**Logistic regression explained:**Linear regression very looks like Logistic regression by the idea but the Logistic regression expands the area where regression can be used. The expanded area is a Y dependent variable, which in Logistic regression can be categorical variable. For example when Y dependent variable donates a recommendation on holding, selling, buying a stock we can create an ordinal logistic regression with three categorical variables. Logistic regression uses predictor variables to classify an observation where its class is unknown.

This regression is used in applications such as:

**1.**Classifying customers as returning or churning (classification)

**2.**Finding factors that differentiate between male and female top executives (profiling)

**3.**Predicting approval or disapproval of a loan based on customer information

Logistic regression is used in different fields, especially when we need to classify a category (in particular a binary).

**Logistic regression Model:**

Similar solution also offers Decision tree.

**Log(odds) = B0+B1X1+B2X2…+…Bn**Now everything is normal. Log odds can take values from – infinity to + infinity. The 0 in log odds is equal to even odds of 1 or probability of 0.5. If log odds are – probability of observation to be in a specific class goes down and if it is + the probability goes up.

**R logistic regression:**

Read the files

Credit<-read.csv("Credit.csv")

Score<-read.csv("Credit scoring.csv")

Score<-read.csv("Credit scoring.csv")

library(caret)

Separate the data into testing and training parts

index<-createDataPartition(Credit$default, p=0.75, list=F,times=1)

Train<-Credit[index,]

Test<-Credit[-index,]

Do initial descriptive statistics aimed to understand differences between defaulted and non-defaulted customers (this could be in format of charts, t-test, chi-square test or whatever you think is appropriate).

T-testt.test(Credit$age~Credit$default)

## t = 3.5011, df = 294.08, p-value = 0.0005353

From P value, we can see if the variable is significant or not.

Make boxplots to compare distributions

boxplot(Credit$age~Credit$default)

The initial regression model

Model1<-glm(default~.,data=Train, family="binomial")

summary(Model1)

##

## Call:

## glm(formula = default ~ ., family = "binomial", data = Train)

##

## Min 1Q Median 3Q Max

## -2.5736 -0.6640 -0.2858 0.3032 3.0940

##

## Coefficients:

## Estimate Std. Error z value Pr(>|z|)

## (Intercept) -0.982345 0.774908 -1.268 0.204908

## age 0.040454 0.020184 2.004 0.045038 *

## edhigh school -0.004028 0.410193 -0.010 0.992164

## edno high school -0.457978 0.403519 -1.135 0.256392

## edpostgraduate 0.879676 1.386050 0.635 0.525648

## edundergraduate -0.366409 0.591096 -0.620 0.535336

## employ -0.254660 0.039732 -6.409 1.46e-10 ***

## address -0.092858 0.027085 -3.428 0.000607 ***

## income -0.024618 0.013601 -1.810 0.070287 .

## debtinc 0.042544 0.038007 1.119 0.262988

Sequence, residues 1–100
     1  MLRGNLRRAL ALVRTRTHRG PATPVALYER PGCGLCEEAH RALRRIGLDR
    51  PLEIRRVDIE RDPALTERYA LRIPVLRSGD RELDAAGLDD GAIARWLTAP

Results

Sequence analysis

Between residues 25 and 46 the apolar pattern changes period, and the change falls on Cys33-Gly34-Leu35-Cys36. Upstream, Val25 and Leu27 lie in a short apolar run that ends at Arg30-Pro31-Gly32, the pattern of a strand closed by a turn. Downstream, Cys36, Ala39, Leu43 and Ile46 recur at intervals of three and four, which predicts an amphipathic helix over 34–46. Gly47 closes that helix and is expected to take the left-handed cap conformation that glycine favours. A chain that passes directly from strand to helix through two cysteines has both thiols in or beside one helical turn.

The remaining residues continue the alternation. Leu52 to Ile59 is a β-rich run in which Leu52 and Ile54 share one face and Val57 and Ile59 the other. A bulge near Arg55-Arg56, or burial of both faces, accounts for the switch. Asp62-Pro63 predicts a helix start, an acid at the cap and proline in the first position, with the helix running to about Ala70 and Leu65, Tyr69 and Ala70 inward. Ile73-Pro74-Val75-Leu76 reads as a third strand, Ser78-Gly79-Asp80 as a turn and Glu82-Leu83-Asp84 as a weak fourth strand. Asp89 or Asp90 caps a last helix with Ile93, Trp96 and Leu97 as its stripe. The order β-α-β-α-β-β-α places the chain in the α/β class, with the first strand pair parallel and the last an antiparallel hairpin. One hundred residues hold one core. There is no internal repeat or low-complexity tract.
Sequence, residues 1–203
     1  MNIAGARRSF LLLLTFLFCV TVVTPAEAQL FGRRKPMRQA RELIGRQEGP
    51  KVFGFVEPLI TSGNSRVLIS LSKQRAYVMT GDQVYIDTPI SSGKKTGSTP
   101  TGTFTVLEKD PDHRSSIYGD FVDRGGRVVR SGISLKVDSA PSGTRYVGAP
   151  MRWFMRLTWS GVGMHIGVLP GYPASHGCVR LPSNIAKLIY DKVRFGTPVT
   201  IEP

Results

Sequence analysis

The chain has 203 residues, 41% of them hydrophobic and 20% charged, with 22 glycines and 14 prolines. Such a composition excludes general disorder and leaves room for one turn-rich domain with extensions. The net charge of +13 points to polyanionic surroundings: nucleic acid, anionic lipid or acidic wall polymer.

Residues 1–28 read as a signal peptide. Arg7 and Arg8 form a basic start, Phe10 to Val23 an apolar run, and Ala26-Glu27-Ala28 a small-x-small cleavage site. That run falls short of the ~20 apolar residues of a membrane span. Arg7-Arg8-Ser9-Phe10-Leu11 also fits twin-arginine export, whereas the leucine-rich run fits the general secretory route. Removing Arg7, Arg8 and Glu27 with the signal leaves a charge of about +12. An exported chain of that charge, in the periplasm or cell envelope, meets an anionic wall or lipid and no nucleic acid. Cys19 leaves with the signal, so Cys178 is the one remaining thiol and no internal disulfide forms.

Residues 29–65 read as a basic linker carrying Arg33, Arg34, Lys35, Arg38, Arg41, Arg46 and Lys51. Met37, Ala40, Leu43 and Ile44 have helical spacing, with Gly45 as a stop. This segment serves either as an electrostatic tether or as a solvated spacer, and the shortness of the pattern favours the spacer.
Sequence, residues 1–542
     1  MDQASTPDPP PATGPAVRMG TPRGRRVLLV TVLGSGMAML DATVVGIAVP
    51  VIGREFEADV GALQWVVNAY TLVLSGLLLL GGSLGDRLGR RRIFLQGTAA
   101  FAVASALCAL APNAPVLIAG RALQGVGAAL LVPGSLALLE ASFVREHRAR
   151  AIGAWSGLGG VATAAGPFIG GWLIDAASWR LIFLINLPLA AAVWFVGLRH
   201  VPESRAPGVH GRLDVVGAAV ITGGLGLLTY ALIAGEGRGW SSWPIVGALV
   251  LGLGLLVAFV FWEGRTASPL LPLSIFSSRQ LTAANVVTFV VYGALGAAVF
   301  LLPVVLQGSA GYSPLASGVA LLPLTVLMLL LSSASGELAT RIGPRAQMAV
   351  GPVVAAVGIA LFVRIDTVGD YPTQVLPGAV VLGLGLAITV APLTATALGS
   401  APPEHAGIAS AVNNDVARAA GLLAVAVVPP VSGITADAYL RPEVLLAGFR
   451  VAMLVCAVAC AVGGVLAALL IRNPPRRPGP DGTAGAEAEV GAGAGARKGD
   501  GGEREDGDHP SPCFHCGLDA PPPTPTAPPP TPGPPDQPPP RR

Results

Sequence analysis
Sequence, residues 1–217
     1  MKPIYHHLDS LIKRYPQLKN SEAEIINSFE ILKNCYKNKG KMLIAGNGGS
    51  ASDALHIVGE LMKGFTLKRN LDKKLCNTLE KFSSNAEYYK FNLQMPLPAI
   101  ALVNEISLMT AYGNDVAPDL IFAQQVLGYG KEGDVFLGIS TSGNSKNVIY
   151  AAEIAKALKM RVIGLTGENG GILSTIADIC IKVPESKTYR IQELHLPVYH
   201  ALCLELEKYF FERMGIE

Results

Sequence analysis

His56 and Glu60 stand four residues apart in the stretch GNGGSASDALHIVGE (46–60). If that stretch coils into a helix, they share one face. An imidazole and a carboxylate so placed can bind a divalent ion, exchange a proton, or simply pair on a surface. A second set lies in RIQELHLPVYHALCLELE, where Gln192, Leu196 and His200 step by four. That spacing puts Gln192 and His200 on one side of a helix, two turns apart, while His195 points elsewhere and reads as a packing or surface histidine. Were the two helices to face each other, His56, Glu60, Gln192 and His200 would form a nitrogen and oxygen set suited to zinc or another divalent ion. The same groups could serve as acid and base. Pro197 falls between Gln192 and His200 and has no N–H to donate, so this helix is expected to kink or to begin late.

## creddebt 0.764952 0.151046 5.064 4.10e-07 ***

## othdebt 0.134778 0.100650 1.339 0.180546

## ---

## Signif. codes: 0 '***' 0.001 '**' 0.01 '*' 0.05 '.' 0.1 ' ' 1

##

**Education, income, and age, other debt are removed as they are non-significant**

Model2<-glm(default~employ+address+debtinc+creddebt,data=Train, family="binomial")

Interpretations: When employment increases, the odds of default decreases by 20% (1-0.8), with the years in current address increasing the odds of default decreases by 8%, etc.

**Accuracy Measure**

library(caret)

pred_test<-predict(Model2, newdata=Test, type="response")

pr_label <-ifelse(pred_test>0.5, "Yes", "No")

# Create confusionmatrix

library(caret)

# You need to set which one is the positive case

confusionMatrix(pr_label,Test$default, positive="Yes")

## Confusion Matrix and Statistics

##

## Reference

## Prediction No Yes

## No 121 23

## Yes 8 22

##

## Accuracy : 0.8218

## 95% CI : (0.7568, 0.8756)

## No Information Rate : 0.7414

## P-Value [Acc > NIR] : 0.007927

##

## Kappa : 0.4788

## Mcnemar's Test P-Value : 0.011921

##

## Sensitivity : 0.4889

## Specificity : 0.9380

## Pos Pred Value : 0.7333

## Neg Pred Value : 0.8403

## Prevalence : 0.2586

## Detection Rate : 0.1264

## Detection Prevalence : 0.1724

## Balanced Accuracy : 0.7134

##

## 'Positive' Class : Yes

##

**The ROC Curve and AUC**

library(ROCR)

## Loading required package: gplots

##

## Attaching package: 'gplots'

## The following object is masked from 'package:stats':

##

## lowess

P_Test <- prediction(pred_test, Test$default)

perf <- performance(P_Test,"tpr","fpr")

# The ROC curve

plot(perf)

# Find Area under the curve (AUC)

performance(P_Test, "auc")@y.values

## [[1]]

## [1] 0.8463394

Predicting on the new scoring set

Scoring<-predict(Model2, newdata=Score, type="response")

Scoring<-data.frame(Score, Scores=Scoring)

The file “Credit scoring.csv” includes cases for new customer with no known outcome (default/non-default). Use your final model to predict default probabilities for these cases. Compare top10% and bottom 10 % of the customers (based on their default probability) by some independent variables. What do you see?

q<-quantile(Scoring$Scores, c(0.1,0.9))

df<-Scoring[Scoring$Scores<=q[1]|Scoring$Score>=q[2],]

df$TB<-ifelse(df$Scores<=q[1],"Bottom","Top" )

*Reference: Data MIning for Business analytics Galit Shmueli*